Copper One Penny Token, minted by an unknown British mint. Issued by B. Palmer, Liverpool Arms, Sydney, circa 1857. Benjamin Palmer is listed as the publican of the Liverpool Arms Hotel between 1855 and 1867. B. Palmer was first listed as a publican in Ford's 1851 Directory at 'The Swan with Two Necks Tavern' on the corner of Park and George Streets South. In 1855 he was listed as the publican of the Liverpool Arms. Benjamin Palmer may have been a long serving alderman of Sydney (1870 to 1893), and Mayor of Sydney 1875-1876.
A round bronze token (34 mm diameter). The token design features the name, address and business of the issuer: B. Palmer, Liverpool Arms, Pitt & King Street, Sydney, wine and spirit depot. The reverse features a representation of the mythical Liver bird, featured on early Arms of Liverpool. The Liver holds a sprig of olive in its beak (interpreted by Chitty as a 'liver weed', the sea-weed that proliferated in the estuary near Liverpool) and stands on a length of rope. This token has been cleaned and the reverse re-toned green. The token is holed through the letters ER of LIVERPOOL.
At centre, B.PALMER / PITT & KING ST. / SYDNEY; above, WHOLESALE; below, WINE & SPIRIT DEPOT
A liver bird standing on rope facing left with wings spread and holding an olive branch in beak; around, LIVERPOOL ARMS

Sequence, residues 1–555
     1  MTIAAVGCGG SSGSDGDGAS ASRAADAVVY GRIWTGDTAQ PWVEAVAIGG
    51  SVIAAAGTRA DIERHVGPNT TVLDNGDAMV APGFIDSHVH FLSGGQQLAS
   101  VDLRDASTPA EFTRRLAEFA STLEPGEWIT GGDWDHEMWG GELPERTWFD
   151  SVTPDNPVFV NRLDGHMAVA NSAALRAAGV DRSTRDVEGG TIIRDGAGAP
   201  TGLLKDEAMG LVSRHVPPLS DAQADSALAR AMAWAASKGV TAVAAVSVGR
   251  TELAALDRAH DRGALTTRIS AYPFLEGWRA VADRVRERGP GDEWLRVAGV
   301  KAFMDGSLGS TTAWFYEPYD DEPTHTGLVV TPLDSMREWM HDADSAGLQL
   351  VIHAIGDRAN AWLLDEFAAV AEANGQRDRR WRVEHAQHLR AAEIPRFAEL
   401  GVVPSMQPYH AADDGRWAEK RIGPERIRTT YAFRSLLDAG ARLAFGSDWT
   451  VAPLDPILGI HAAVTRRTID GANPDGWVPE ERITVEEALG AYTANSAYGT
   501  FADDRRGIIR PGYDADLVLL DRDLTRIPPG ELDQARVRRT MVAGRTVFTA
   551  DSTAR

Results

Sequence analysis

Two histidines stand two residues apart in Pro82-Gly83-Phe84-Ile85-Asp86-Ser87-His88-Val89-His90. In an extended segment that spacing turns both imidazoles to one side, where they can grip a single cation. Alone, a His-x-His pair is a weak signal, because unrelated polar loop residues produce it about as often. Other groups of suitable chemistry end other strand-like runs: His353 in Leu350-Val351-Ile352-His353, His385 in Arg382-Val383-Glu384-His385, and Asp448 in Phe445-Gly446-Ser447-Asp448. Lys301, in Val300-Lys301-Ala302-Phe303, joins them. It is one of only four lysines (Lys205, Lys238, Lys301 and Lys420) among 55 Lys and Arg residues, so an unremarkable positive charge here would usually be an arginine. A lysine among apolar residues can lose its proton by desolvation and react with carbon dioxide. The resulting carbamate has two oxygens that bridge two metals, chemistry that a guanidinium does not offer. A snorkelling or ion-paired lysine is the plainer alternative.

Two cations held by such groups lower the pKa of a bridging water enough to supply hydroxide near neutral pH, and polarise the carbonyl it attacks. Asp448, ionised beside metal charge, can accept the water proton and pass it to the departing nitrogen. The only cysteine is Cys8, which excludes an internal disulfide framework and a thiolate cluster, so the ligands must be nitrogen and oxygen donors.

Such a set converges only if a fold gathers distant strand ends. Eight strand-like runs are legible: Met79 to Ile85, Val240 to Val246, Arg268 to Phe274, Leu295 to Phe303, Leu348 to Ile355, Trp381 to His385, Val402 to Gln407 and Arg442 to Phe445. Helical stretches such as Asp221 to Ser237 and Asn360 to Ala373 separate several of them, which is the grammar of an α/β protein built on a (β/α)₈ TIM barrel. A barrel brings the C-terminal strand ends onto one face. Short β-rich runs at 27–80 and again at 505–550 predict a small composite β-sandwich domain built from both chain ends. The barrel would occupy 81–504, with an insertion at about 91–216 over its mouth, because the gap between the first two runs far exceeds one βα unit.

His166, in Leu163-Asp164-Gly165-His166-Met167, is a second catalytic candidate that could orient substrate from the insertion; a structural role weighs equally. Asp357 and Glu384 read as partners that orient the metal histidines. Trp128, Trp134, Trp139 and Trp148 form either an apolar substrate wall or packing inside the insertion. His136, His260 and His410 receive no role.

Transfer from Melbourne Branch of Royal Mint, 1978
circa 1857 AD
Obverse: B.PALMER PITT & KING ST. SYDNEY WHOLESALE WINE & SPIRIT DEPOT Reverse: LIVERPOOL ARMS
Type of item
14.301 g (Weight)
The Liver Bird Another area of debate about the origins of the name Liverpool focuses upon the bird on the Liverpool seal. The name 'liver' is said to come from a type of waterfowl, named liver, or lever. The borough arms have been presented as proof of this but it has been suggested that no bird of that type has been found in the Liverpool area. The historian Sir J. A. Picton noted that the symbolic bird of Liverpool was the Eagle of St John, which meant that the name liver should not have been attributed to the bird. This theory is less certain due to the evidence presented by the town seal. By 1829 the seal featured an aquatic style, or water, bird which looked like a crane but the bird on the corporation seal (a copy of which is in Matthew Gregson's Fragments of the History of Lancashire) was not aquatic. The image on this seal is said to appear to be a dove with an olive branch, which had been made to look like seaweed. If this was the case, then the origin of the name was said to be topographical or related to the area itself. [Link 1]
[Book] Andrews, Arthur. 1921. Australasian Tokens and Coins., No. 408
[Book] Heyde, Gilbert C. & Skinner, Dion H. 1967. Unofficial Coins of Colonial Australia and New Zealand., No. 198